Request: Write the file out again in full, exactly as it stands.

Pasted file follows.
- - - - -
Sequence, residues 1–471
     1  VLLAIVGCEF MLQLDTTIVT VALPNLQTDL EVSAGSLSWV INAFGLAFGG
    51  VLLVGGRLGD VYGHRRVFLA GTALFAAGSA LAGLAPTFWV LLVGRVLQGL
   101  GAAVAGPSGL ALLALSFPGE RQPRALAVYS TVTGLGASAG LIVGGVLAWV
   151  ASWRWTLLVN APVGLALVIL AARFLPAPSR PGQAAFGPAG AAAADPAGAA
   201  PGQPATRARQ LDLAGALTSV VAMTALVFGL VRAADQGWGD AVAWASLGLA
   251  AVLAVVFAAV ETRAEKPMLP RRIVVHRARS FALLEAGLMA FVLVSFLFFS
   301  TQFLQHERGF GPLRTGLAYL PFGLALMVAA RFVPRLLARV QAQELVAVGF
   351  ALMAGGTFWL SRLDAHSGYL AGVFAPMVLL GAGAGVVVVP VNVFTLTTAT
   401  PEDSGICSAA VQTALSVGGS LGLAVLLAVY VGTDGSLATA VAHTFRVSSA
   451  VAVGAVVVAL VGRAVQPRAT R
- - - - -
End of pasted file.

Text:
Sequence, residues 1–471
     1  VLLAIVGCEF MLQLDTTIVT VALPNLQTDL EVSAGSLSWV INAFGLAFGG
    51  VLLVGGRLGD VYGHRRVFLA GTALFAAGSA LAGLAPTFWV LLVGRVLQGL
   101  GAAVAGPSGL ALLALSFPGE RQPRALAVYS TVTGLGASAG LIVGGVLAWV
   151  ASWRWTLLVN APVGLALVIL AARFLPAPSR PGQAAFGPAG AAAADPAGAA
   201  PGQPATRARQ LDLAGALTSV VAMTALVFGL VRAADQGWGD AVAWASLGLA
   251  AVLAVVFAAV ETRAEKPMLP RRIVVHRARS FALLEAGLMA FVLVSFLFFS
   301  TQFLQHERGF GPLRTGLAYL PFGLALMVAA RFVPRLLARV QAQELVAVGF
   351  ALMAGGTFWL SRLDAHSGYL AGVFAPMVLL GAGAGVVVVP VNVFTLTTAT
   401  PEDSGICSAA VQTALSVGGS LGLAVLLAVY VGTDGSLATA VAHTFRVSSA
   451  VAVGAVVVAL VGRAVQPRAT R